1. I used to suffer from that, but over time I trained my muscles to automatically disengage when they sensed that pressure getting too high. I think the medical term for the exercise is the Fast-Acting Relief Technique. (Side effects may include loss of friends and elevator riding privileges.)

  3. I may be wrong, but I can envision many, many underage students drinking illegally at the games.

  4. Based off of my experiences going to events outside of South Dakota – If it was my decision, I probably would NOT have set this policy, but I don’t honestly know that this will have much impact one way or another on underage student drinking.
    So long as they are (like every other venue I’ve ever been at) ID’ing people and giving them wrist bands or some other “OBVIOUS” means of identifying people who have been carded AND have ushers/security/etc. enforcing the policy it should be controllable.
    The underage kids who are going to try to sneak a beer inside the venue (i.e. the ones dumb enough to try it) are already drinking before or after the game and they may be sneaking in hard liquor to drink during the game.
    Again – If it was my call I’d say don’t sell beer at the games – less for the students and more for the supposedly “Responsible” adults who tailgate before the game, get hammered and are now using the game as a time to sober up before they’re driving home. Now they’ll be drinking AT the games too….

    1. Surprisingly most people don’t get hammered when drinking $8 beers. My bank account can’t afford getting hammered at any price but that is way too much for me.

      1. We can discuss principles or we can debate pragmatics. If you believe drinking alcohol is sinful and/or you feel alcohol should be illegal for health reasons, nothing will convince you it’s wise to sell beer at football games. I’m not saying your opinion is wrong, just that your opinion is rare.

        We have mountains of evidence from other states revealing the most likely outcomes of this policy change. Several universities have tried this idea and tracked its social consequences. After legalizing stadium sales, states see neither a dramatic improvement nor a dramatic worsening of alcohol-related accidents, arrests, injuries, or deaths. Instead, selling alcohol at college football games correlates with a small but measurable IMPROVEMENT – meaning fewer auto accidents & hospitalizations as well as less property damage (incl. alcohol-related vandalism). Experts speculate this positive trend stems from less pre-game or halftime binge drinking, but no one knows for certain.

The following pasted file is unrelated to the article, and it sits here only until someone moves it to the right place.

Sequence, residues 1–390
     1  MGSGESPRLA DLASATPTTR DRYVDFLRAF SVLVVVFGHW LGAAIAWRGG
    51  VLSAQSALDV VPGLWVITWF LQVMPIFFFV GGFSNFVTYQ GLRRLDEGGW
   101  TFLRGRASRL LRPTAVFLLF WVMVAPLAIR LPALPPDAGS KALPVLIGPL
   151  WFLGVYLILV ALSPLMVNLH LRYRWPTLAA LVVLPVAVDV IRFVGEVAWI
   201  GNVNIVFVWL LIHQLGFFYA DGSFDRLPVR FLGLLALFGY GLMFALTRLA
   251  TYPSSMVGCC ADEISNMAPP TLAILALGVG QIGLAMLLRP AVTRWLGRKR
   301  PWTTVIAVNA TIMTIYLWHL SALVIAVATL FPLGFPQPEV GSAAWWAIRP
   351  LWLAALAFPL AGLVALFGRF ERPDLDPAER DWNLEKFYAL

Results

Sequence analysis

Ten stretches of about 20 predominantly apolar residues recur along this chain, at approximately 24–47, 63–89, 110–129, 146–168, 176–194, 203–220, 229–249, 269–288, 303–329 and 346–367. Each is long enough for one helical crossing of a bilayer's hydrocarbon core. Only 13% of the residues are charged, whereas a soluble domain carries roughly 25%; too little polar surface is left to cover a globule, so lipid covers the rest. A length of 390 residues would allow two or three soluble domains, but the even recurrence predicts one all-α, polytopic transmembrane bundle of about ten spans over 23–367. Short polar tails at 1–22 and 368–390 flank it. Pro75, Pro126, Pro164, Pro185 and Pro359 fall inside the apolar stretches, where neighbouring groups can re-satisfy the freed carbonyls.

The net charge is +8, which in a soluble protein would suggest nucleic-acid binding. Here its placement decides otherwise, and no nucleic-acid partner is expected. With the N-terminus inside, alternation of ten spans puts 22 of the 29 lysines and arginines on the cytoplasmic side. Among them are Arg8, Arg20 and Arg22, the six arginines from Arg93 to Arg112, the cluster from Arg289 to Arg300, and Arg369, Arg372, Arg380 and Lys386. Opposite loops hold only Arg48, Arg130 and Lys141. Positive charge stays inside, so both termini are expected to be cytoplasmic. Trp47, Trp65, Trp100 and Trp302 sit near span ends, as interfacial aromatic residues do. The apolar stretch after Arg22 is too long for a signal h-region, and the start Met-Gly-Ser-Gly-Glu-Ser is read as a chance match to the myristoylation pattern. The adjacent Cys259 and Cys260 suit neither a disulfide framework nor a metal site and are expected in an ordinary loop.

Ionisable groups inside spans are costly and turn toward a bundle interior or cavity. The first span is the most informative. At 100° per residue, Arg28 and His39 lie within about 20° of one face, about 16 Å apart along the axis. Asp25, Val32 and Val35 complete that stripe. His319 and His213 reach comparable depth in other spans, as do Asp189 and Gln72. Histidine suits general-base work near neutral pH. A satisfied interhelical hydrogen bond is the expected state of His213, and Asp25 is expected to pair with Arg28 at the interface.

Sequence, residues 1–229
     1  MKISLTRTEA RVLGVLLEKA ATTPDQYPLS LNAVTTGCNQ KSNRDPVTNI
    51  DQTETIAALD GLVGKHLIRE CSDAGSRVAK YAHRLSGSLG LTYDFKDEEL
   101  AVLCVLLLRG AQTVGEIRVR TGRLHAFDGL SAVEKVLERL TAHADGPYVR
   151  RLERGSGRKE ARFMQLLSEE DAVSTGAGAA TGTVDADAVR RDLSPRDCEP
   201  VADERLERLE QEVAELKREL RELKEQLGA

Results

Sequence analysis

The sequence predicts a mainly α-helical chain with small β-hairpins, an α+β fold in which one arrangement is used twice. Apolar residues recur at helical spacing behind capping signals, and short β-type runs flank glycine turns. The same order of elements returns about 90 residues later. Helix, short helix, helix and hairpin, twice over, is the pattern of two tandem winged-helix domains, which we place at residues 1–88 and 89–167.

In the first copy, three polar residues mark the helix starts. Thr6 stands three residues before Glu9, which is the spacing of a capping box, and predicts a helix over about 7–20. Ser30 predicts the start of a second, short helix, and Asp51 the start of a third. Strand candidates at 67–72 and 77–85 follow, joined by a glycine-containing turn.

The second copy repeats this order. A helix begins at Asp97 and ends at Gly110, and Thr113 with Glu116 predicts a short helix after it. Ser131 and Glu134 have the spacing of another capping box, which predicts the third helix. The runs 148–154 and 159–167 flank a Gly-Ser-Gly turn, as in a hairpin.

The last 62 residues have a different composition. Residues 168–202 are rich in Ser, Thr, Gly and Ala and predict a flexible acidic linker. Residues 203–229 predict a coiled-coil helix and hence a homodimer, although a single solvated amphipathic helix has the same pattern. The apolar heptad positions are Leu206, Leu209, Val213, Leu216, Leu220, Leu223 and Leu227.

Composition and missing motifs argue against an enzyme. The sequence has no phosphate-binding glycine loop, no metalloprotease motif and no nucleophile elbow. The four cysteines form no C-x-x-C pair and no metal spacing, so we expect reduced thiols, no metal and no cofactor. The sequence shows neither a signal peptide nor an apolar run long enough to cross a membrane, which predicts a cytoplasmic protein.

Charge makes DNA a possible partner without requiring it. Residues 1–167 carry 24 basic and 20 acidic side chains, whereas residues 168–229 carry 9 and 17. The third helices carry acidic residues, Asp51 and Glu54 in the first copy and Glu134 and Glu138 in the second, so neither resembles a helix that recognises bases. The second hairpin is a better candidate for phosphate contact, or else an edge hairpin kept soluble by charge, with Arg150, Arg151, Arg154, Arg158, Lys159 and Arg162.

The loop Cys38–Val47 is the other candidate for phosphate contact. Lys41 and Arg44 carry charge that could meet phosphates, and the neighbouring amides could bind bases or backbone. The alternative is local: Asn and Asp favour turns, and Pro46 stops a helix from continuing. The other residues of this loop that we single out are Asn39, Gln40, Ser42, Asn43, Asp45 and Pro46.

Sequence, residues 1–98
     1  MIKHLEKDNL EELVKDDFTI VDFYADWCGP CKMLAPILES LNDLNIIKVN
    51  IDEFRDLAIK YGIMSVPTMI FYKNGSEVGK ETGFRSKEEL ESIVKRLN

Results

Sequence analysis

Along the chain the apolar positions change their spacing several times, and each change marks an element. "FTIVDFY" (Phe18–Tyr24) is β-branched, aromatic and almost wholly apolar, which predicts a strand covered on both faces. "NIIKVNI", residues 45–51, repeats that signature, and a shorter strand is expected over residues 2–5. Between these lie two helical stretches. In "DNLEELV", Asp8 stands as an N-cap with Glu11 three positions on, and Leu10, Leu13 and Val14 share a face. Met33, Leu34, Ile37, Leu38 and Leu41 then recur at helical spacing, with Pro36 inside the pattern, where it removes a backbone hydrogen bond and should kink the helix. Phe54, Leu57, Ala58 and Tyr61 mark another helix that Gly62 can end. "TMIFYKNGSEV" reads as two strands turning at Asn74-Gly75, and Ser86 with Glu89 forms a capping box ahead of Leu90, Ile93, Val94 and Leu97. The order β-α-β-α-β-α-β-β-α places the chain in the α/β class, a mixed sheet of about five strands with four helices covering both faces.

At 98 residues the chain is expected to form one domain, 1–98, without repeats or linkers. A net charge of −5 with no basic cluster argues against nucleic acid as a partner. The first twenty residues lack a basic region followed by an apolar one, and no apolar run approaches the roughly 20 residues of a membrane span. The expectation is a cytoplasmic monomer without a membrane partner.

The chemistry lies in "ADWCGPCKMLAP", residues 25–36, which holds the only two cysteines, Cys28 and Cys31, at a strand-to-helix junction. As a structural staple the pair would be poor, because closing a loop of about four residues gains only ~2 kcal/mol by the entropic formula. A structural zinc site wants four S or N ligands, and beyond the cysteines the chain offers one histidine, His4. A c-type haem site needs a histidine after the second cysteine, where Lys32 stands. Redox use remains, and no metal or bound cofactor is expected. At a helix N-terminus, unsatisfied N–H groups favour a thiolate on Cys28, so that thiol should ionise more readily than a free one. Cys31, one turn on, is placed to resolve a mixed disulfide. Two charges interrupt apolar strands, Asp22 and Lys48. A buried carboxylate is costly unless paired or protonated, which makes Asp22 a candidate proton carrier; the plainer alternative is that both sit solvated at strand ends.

One might ask: “if there’s no dramatic benefit, why do it?” Aside from the small-but-welcome safety improvement, the primary gain is financial. Excluding the first year, when implementation costs tend to exceed profits, colleges make hundreds of thousands of dollars allowing stadium alcohol sales. Some big schools earn millions per season. Those dollars can be re-directed to lower student tuition and fees – far better (imho) than raising taxes. From a pragmatic perspective, it seems a beneficial move. But if drinking violates your principles, I certainly respect your opinion. And if our state’s long-term goal is to stop people from drinking alcohol, we should seek other solutions.

  5. “I think 40 years later in South Dakota we’re a little less puritan than we used to be”

    But not marijuana. God forbid not that.

  6. A little off topic, but I was a student at SDSU in 1976. At that time you could have beer in your dorm room bottle or canned no keg. Not only beer but guns as well. There was hardly a room on first floor Young Hall that did not have at least one firearm during hunting season. No one got shot, no sexual assaults everyone was responsible.